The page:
‘I pretty quickly took running to an extreme,’ admits William Goodge, 29, from London, who decided to run across America in 55 days, doing 55 miles each day.
When William’s mum passed away in 2018 from non-Hodgkin lymphoma, a form of cancer, he was distraught and running was his way of coping.
He pushed that outlet to its limits when he decided to take on running challenges, having never been a runner before.
‘I first started running in 2018. I actually hated running before, I played rugby and running for me was actually a punishment – if I was late, I’d have to run laps of the pitch. So it’s quite interesting where I am now,’ he tells Metro.co.uk.
‘My mum passed away from cancer at the start of 2018 and I found myself running as a way to deal with it. I wasn’t very good at talking to people about it, so everyone thought I was doing okay.
‘Being 23 at the time, I had a good excuse to throw my life away because I’d just lost the most important person in my life, but out of respect to her, and because she was the most important person, I had to make it mean something.’
William’s mum had a history of the disease, having battled it three times before she died.
‘The first time she had it, she didn’t even tell us. I was 13 at the time,’ William remembers.
‘She protected us from it at that point. Then she was in remission and it came back when I was 21, then went into remission in the summer of 2017, which was the happiest moment of my life.’
When he got the good news, he was abroad in LA and had just done his first ever run, having felt jet lagged and in need of physical activity at 4am.
‘If there was ever a time for a run, it would be along a beach watching the sun rise over the Malibu hills,’ he remembers.
‘I got back from this run and that’s when she called to say she was in remission. I’ve been trying to get back a piece of that happiness with every run that I’ve been on.’
After her death, he ran a marathon, then across the UK, then America.
‘I always feel a little better better after I run,’ William says. ‘I got positive reinforcement from it – the first Christmas without her, I ran a marathon for Macmillan Cancer Support and raised £20,000.
He shares it was ‘negative’ in some way though, as he was ‘trying to hurt’ himself through running at a time when he was struggling to process her passing.
But now, he’s continued those charitable efforts, going bigger each time.
Across America, William ran 3,076 miles in 55 days – he finished in May this year. He started in California, then went to the Mojave desert, then New Mexico – where there was snow and peaks of up to 9,000 feet high – then down into Oklahoma, and ever further.
Physically, it was hard on his body to say the least.
‘I felt most of the time like my lower half had been used as a boxing bag for Mike Tyson in his prime,’ he jokes.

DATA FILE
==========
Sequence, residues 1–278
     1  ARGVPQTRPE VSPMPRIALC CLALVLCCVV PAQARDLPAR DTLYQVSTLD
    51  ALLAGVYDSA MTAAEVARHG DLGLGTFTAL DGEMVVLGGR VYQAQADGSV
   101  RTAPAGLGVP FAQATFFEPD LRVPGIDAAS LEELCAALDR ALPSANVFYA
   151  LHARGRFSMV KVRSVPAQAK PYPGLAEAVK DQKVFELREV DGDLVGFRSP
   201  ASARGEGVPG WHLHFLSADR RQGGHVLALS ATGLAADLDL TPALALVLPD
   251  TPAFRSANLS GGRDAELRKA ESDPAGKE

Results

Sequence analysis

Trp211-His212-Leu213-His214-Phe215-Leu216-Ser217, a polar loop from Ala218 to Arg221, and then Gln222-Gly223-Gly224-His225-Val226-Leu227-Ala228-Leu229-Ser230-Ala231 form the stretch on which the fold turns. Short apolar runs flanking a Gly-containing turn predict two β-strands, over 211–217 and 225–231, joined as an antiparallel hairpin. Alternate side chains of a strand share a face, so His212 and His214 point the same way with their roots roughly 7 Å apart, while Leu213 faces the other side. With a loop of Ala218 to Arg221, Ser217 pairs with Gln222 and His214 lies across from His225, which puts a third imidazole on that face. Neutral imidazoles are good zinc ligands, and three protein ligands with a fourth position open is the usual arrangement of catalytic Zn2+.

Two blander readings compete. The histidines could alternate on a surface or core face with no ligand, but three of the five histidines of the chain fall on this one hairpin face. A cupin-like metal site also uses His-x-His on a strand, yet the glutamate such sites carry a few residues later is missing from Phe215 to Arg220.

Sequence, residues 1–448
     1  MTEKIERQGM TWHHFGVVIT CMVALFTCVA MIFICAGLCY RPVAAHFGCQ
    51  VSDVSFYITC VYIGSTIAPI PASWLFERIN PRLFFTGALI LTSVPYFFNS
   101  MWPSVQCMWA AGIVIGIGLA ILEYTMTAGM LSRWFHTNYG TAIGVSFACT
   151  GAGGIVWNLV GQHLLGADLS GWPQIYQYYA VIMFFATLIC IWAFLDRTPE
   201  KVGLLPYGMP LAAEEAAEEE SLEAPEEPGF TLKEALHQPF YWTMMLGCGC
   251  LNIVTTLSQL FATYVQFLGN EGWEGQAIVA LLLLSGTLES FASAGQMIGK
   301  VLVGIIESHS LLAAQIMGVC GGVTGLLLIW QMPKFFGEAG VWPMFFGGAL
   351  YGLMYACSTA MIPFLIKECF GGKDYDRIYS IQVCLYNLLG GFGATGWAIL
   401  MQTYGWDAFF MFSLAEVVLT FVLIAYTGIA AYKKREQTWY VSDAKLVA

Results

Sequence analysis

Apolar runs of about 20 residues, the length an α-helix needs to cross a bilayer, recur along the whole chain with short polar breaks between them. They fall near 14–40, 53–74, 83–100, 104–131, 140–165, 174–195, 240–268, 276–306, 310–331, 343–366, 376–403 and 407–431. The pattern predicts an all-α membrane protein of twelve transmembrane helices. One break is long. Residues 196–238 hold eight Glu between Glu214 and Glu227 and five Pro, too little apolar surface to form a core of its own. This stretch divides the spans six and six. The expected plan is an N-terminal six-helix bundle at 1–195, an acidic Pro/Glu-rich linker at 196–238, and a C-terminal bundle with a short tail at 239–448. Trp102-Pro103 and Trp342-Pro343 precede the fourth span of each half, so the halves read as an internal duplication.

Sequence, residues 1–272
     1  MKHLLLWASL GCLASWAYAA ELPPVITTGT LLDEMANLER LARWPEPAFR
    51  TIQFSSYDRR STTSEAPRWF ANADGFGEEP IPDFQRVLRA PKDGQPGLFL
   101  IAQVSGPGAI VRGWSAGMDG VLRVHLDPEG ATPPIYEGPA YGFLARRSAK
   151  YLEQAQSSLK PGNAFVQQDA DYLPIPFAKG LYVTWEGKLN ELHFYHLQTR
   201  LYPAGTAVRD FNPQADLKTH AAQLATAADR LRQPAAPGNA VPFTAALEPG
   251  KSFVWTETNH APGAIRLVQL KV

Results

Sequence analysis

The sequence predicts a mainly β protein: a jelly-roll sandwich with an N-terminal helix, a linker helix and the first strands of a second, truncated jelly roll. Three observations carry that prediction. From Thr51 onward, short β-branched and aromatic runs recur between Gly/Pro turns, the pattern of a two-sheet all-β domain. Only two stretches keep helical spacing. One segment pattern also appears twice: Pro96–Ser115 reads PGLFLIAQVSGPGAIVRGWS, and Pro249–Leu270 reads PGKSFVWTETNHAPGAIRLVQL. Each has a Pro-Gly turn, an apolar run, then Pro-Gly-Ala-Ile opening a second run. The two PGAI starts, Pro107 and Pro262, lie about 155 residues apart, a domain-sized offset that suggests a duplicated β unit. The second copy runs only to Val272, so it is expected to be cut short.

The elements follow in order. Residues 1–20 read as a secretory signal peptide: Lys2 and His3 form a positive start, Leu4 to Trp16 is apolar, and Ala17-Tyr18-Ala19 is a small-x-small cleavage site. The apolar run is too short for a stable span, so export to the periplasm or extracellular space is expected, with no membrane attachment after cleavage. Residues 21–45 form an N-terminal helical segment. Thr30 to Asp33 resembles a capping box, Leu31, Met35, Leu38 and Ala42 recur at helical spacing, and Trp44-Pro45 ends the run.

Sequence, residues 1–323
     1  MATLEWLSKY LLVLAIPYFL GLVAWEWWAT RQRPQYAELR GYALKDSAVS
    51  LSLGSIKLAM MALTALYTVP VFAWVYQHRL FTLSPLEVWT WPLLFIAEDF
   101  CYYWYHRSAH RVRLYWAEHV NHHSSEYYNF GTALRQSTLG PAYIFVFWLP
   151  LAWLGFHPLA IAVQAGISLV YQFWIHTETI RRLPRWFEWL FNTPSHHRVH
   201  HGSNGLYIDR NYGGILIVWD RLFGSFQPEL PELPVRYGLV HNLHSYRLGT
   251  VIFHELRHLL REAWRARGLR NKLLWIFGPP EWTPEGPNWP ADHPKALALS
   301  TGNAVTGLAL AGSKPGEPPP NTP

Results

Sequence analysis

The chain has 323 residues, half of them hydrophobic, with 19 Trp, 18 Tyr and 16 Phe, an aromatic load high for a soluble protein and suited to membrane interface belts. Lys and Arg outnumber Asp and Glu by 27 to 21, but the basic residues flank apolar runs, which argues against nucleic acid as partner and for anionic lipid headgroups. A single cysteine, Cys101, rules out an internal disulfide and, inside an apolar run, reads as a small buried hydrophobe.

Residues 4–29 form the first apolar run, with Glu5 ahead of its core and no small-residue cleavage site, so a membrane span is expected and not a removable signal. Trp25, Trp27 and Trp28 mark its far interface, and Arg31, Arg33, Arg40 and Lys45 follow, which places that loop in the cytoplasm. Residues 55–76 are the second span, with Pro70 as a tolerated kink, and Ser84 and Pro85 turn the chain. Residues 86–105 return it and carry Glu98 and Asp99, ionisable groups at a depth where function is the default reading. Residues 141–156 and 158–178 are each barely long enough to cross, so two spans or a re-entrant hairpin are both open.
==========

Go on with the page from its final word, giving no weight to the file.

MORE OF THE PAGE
‘All muscles in the legs were extremely tight and tender to the touch, as well as feeling heavier than they were.
‘Doing the same movement over and over and never stretching (advised by my physio) meant I kept my stride short and snappy. Every step gave feedback of pains of varying degrees in different areas at different times.’
He had to ‘manage minor injuries’ along the way, such as muscle and joint pains.
Mentally, having so much time meant he really went ‘through everything’.
‘Fantasising about finishing and everything I was going to do was one of them,’ he says.
‘Going through the memory bank of time spent with my mum was another and even memories I had since forgotten came back which was extremely beautiful at times. I was pretty obsessed with time, numbers and miles too.’
Most days he ran on a straight long road, while two support vehicles tracked his progress so that he’d have somewhere to sleep each night at the back of one of them, and a friend to prepare his food.
Despite the physical challenges, for him, it was nothing compared to what those who go through cancer experience.
‘People fighting life-threatening diseases, they didn’t choose to be in that position. Whereas, I chose to be running there everyday. When it gets tough, the question is: can I take another step? The answer is always “yes,’ he says.
‘There’s up and downs, but the human body is amazing at adapting – I never got any bad injuries.’
Next he’ll be doing the Berlin marathon in September, then next year he wants to do ultra-races that are around 100 miles long and upwards. He also plans to do more runs across Europe.
‘Personally, it’s made me more confident, having been through something that’s so challenging,’ he says. ‘I feel ready for anything.’
So far, he’s raised about £88,000 – and he’s still going, with more donations accepted. The total is being split between the American Cancer Society and Macmillian Cancer Support.
Money goes to help those undergoing cancer treatment, from support through helplines to financial grants to cover travel to appointments.
Having watched his mum experience it first-hand, William knows just how vital these services and charities are.
To support William’s fundraising, click here.
Do you have a story to share?
Get in touch by emailing [email protected].
Source: Read Full Article